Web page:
söndag 22 maj 2016

Equivalence Principle as Definition: Experiment

Here is little experiment you can do yourself on the kitchen table supporting the idea that intertial mass is made equal to gravitational mass by definition as a result of a definition of force in terms of gravitational force:
Take two identical pieces of material, put one of the pieces on a horisontal table with frictionless surface and connect the other by a weightless rope as indicated in the picture and let go from rest.

Record the acceleration of the system. Observe that it is half of the gravitational acceleration of one of the pieces in free fall. Conclude that inertial mass = gravitational mass and that force ultimately is defined in terms of gravitational force as expressed by the green arrows.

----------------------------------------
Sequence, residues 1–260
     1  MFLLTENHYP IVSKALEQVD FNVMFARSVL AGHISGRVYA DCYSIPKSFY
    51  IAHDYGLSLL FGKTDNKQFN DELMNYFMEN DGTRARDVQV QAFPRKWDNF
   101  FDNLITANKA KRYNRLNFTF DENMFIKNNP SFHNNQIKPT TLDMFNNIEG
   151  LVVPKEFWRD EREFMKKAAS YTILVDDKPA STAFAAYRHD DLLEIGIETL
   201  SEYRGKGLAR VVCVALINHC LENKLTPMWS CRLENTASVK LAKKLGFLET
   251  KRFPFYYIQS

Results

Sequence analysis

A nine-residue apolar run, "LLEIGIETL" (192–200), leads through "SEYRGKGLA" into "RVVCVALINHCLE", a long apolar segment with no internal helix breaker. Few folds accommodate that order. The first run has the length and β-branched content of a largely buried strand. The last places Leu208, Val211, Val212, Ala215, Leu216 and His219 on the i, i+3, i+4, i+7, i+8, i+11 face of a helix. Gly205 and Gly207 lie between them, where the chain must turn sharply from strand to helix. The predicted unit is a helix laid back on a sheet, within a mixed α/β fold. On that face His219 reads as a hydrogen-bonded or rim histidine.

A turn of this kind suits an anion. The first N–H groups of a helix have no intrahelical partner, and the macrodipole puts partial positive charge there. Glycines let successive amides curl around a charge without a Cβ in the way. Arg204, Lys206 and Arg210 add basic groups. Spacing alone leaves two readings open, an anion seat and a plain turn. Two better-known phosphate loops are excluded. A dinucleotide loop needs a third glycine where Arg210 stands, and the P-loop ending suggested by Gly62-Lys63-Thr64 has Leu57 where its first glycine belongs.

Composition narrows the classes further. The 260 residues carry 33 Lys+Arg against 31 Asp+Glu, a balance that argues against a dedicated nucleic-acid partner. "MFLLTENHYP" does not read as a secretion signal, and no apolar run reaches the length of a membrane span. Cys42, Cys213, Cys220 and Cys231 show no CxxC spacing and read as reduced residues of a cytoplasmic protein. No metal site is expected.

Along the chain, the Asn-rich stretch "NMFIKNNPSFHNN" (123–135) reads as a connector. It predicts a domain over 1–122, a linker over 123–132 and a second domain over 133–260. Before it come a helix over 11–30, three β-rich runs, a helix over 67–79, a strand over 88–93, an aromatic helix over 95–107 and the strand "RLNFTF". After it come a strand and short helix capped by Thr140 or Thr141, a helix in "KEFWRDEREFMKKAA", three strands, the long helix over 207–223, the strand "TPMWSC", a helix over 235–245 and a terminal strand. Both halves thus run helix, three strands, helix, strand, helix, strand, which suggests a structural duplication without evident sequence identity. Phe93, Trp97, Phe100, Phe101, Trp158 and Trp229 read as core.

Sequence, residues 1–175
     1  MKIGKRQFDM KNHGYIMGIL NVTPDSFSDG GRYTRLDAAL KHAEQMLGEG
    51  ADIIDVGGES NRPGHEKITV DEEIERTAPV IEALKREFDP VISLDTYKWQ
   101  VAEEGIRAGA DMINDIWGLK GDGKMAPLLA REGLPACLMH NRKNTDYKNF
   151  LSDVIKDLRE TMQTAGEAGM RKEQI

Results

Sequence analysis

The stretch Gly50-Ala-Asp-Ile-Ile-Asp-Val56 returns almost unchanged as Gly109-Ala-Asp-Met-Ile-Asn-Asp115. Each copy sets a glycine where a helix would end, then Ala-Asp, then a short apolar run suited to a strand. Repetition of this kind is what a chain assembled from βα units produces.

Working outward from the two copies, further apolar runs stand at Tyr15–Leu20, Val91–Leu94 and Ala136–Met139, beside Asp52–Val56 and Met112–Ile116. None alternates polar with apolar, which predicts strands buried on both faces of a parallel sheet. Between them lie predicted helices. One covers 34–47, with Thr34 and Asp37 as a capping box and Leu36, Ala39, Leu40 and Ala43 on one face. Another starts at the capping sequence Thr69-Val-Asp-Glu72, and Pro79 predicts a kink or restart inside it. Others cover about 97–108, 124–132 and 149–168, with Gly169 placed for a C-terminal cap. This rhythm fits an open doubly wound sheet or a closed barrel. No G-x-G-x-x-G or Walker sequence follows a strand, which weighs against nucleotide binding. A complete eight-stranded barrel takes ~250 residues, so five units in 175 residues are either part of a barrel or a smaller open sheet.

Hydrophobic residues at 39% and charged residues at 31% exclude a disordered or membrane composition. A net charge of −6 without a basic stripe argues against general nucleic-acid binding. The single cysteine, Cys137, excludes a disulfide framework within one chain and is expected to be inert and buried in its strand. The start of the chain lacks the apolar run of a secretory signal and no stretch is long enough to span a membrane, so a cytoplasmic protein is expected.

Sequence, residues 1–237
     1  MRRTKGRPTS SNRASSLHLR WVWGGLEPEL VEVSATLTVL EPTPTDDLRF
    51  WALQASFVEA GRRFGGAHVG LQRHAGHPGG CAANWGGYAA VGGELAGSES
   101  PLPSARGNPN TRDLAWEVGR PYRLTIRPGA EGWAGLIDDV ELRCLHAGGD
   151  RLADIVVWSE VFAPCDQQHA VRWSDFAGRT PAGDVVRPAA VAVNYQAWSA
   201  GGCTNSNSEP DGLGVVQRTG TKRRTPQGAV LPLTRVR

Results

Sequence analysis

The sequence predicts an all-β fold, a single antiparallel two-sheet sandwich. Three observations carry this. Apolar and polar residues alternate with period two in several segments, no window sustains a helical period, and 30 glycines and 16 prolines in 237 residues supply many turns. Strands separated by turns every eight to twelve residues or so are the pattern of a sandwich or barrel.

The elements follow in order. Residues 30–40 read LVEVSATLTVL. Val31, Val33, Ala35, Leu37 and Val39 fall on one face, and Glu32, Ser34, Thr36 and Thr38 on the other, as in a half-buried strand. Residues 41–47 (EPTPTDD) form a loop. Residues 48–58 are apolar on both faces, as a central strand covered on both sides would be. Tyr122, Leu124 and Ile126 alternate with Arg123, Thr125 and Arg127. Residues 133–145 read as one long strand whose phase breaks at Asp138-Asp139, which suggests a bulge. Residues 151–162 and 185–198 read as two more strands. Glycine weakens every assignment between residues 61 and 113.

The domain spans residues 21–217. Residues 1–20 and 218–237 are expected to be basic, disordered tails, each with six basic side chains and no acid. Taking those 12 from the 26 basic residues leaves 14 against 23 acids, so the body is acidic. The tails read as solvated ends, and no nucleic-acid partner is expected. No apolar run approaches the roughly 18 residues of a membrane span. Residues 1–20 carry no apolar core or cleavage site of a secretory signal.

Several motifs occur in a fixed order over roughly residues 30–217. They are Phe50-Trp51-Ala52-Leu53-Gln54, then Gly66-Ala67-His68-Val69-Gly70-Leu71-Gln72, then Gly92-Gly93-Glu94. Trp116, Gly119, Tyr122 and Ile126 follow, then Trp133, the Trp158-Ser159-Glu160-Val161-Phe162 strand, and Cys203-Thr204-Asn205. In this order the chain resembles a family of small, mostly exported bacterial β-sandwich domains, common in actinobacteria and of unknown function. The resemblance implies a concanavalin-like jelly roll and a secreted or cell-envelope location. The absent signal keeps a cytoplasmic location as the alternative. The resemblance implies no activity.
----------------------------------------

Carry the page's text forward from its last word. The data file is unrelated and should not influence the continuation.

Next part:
Understand that what you test with the experiment is if mass = force/acceleration is independent of orientation of Euclidean coordinate system.

3 kommentarer:

  1. Where does the definition really enter in your opinion?

    If you use Newton's laws separately on the two bodies, and eliminate the string force, minor algebra gives

    a_2 = m1 / (m1 + m2) * g.

    This since the constraint gives a_2 = a_1 if it is assumed that the string is rigid. Newton's laws only gets you to this point.

    From here, a priori, you can not say anything until you actually perform the experiment. You need the empirical input to see if (m1 + m2) adds up to 2m1.

  2. Yes, the kitchen experiment shows that inertial mass = gravitational mass, as a result of invariance of Newton's 2nd with respect to orientation: vertical gravitational acceleration is equal to horisontal inertial acceleration under equal force. Right?
    But the EQUIVALENCE PRINCIPLE is something very much bigger and mysterious, right?

  3. Newton's 2nd law is not mysterious, nor the form of his gravitational law, but Einstein's Principles are strange and unphysical, including the Equivalence Principle. Newton is clear and Einstein is obscure.